The opinion of the court was delivered by: Hon. Hugh B. Scott
Before the Court is the plaintiff's motion for sanctions pursuant to Rule 37 of the Federal Rules of Civil Procedure. (Docket No. 32).
The plaintiff claims that defendant Randy James failed to provide truthful responses to certain discovery requests. Hamilton points to Interrogatory No. 2. (Docket No. 32 at page 2) which states as follows:
Were you working Attica Correctional Facility on June 15, 2003? If so state: (i) What was your tour of duty? (ii) What was your official title on June 15, 2003? (iii) How long you have been employed by the New York State Department of Correction [sic]? (iv) Did you have any specific area of coverage on the above date? (v) Did you have an occasion to approve placement of Derrick Hamilton in a strip cell / drug watch room on June 15, 2003? James responded:
No, I was not working at Attica on June 15, 2003. (i) Not applicable. (ii) I was Deputy Superintendent for Security on June 15, 2003. (iii) I have been employed by the New York State Department of Correctional Services for 26 years. (iv) Not applicable. (v) Not applicable.
Hamilton argues that this response is inconsistent with James' response to plaintiff's request for admissions. (Docket No. 32 at ¶ 6). In Request for Admission #2, the plaintiff' asked:
In your November 4, 2005, response you stated that you were not working on June 15, 2003, are you sure that you were not the officer of the day on June 15, 2003?
To that request for admission James responded:
I was not working and was not present at the facility on June 15, 2003. I was on call as officer of the day on that date.
The plaintiff points to the fact that James admits that he ordered the plaintiff to be placed in the special drug watch room on June 15, 2003. (Docket No. 32 at ¶ 7). These facts are not disputed.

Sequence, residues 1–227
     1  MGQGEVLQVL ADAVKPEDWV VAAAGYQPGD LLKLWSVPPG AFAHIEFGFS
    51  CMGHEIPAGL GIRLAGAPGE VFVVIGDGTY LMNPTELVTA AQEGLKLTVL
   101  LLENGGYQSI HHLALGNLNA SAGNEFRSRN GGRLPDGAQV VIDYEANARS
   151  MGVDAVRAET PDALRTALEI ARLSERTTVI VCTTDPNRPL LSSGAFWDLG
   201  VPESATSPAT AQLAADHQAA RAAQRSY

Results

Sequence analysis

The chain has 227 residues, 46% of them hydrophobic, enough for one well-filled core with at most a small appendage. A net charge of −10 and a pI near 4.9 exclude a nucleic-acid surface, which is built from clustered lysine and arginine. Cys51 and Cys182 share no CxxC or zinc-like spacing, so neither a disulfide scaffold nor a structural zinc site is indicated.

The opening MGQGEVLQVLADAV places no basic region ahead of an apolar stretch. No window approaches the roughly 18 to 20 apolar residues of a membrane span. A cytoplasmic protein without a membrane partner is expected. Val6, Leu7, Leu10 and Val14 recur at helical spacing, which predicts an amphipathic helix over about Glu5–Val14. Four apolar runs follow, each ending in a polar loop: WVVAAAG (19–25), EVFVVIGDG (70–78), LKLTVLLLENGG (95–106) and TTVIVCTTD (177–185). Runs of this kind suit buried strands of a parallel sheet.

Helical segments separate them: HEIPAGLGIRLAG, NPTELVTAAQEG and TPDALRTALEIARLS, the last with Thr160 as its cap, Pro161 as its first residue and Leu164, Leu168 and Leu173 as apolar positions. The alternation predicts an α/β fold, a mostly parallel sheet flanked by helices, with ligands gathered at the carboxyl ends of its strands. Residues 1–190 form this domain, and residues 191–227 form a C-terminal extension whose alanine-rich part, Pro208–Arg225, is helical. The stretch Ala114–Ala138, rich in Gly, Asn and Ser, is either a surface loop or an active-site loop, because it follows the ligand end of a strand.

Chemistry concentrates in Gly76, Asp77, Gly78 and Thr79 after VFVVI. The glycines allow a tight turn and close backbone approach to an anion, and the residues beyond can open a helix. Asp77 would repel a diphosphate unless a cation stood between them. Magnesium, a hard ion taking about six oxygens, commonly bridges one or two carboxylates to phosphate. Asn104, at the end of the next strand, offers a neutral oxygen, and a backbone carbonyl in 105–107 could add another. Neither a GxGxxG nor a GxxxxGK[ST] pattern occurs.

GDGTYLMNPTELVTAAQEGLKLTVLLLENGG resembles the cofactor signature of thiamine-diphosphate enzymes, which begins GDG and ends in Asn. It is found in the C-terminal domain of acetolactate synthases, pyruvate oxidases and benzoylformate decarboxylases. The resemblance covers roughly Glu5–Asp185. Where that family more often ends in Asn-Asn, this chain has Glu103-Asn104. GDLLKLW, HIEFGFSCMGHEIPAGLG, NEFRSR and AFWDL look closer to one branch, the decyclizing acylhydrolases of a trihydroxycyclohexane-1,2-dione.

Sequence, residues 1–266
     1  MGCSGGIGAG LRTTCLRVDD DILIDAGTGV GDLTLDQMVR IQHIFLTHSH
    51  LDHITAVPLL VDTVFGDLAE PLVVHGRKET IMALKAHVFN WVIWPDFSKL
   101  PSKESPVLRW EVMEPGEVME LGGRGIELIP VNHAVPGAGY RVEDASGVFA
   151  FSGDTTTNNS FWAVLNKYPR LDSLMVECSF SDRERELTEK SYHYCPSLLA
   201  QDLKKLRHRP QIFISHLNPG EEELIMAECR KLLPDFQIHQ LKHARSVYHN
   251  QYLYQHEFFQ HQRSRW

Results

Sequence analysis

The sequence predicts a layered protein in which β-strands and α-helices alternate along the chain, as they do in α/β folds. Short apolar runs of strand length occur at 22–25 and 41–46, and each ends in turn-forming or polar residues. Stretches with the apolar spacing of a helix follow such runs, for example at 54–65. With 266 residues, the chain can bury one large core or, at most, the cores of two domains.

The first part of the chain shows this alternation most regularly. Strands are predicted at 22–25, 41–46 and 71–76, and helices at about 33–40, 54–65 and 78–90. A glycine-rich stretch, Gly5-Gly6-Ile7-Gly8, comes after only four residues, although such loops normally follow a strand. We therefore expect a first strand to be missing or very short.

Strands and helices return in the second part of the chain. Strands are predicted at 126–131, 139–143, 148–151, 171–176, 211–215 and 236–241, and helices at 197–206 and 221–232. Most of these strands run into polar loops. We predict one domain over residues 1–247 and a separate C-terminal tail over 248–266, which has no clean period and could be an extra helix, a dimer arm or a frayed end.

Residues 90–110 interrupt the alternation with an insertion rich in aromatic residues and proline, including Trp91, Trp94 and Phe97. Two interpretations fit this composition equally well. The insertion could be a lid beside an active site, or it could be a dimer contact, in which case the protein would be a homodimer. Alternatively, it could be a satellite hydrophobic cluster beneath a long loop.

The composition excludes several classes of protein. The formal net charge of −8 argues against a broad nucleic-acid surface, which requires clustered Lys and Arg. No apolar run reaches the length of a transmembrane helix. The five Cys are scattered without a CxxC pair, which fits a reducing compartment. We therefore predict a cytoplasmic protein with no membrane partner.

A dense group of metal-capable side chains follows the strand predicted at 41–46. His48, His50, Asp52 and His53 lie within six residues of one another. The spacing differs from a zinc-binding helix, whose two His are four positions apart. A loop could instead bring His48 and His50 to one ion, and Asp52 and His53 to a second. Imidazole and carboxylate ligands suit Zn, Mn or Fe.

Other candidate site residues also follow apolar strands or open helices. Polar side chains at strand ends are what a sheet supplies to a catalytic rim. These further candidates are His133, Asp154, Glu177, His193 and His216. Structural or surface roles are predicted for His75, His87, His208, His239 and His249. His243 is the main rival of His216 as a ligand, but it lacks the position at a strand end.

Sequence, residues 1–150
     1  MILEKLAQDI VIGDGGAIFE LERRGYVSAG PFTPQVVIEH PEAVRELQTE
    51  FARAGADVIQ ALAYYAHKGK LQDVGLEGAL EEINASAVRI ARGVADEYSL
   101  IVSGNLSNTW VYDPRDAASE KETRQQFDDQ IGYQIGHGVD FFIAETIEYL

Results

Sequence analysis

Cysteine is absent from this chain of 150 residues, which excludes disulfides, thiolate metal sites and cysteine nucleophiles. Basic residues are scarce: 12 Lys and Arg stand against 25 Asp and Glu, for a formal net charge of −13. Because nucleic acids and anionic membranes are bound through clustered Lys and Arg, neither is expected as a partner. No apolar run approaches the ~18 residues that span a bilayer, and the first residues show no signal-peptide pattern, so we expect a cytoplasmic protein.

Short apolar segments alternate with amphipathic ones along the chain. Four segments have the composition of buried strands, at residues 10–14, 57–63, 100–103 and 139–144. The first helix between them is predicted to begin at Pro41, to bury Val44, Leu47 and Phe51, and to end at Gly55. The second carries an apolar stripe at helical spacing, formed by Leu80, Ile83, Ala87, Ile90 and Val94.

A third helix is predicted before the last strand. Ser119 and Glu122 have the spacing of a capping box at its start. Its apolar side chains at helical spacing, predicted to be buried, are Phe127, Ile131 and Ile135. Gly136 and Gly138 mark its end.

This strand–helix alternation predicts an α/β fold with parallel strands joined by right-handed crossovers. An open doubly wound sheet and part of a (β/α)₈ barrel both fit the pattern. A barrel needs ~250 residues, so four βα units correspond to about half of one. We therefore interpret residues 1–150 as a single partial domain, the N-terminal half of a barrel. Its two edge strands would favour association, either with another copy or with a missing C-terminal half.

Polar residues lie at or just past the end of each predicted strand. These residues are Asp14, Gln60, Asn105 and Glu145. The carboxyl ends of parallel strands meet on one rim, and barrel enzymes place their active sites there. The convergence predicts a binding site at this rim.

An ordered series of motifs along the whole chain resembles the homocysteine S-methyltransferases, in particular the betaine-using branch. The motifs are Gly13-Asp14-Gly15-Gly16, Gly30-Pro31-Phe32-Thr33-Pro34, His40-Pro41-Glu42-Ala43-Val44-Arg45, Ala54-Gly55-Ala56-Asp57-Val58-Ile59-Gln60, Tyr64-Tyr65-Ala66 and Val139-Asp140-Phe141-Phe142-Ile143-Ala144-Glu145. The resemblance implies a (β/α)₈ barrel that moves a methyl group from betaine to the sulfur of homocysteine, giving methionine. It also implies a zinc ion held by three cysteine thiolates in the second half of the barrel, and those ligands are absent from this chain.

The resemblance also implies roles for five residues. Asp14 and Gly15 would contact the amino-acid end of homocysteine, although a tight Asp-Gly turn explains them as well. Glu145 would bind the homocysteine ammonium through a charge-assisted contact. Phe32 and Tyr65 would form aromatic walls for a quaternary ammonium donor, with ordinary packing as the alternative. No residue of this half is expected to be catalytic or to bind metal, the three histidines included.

The plaintiff contends that James responses are inconsistent and, therefore, subject to sanction under Rule 37. The defendants assert that there are no inconsistencies between James' various discovery responses. They contend that James was not "working" at Attica on June 15, 2003, but was the "Officer of the Day." (Docket No. (Docket No. 34 at ¶ ¶ 28-30). According to the defendants, the "Officer of the Day" need only be "on call" and need not be physically present at the facility on that date. (Docket No. 34 at ¶ 29). The defendants state that James did approve Hamilton's placement in the special drug watch room on that date, notwithstanding the fact that he was not "working" at Attica on June 15, 2003. The plaintiff has not presented any evidence or articulated any basis to dispute the assertion that James was not physically present at Attica on June 15, 2003, that James did not conduct an investigation involving hamilton, and that, as Officer of the Day, he was contacted by telephone for approval to place Hamilton in the drug watch room.
The Court finds no meaningful inconsistencies between James' responses to the various interrogatories and request for admission. The essence of plaintiff' argument is semantical: James was "working" on June 15, 2003 because he was "Officer of the Day" even if he was not present at Attica on that date. The Court need not further investigate the respective meanings of the word "working" and which of the parties' respective interpretations of the word best fits the situation. James' responses to the discovery requests, semantical definitions aside, appear to state undisputed facts: he was not present at Attica on June 15, 2003, he was Officer of the Day on June 15, 2003, he did not personally conduct any investigation relating to Hamilton on June 15, 2003, and he approved Hamilton's placement in the special drug watch room on that date. In this regard, James' responses are not misleading, evasive or false.
The plaintiff has failed to establish that sanctions are warranted in this matter pursuant to Rule 37. Further, the Court notes that the plaintiff has not certified, as required under the Rule, that he made a good faith effort to confer with the defendants about the discovery ...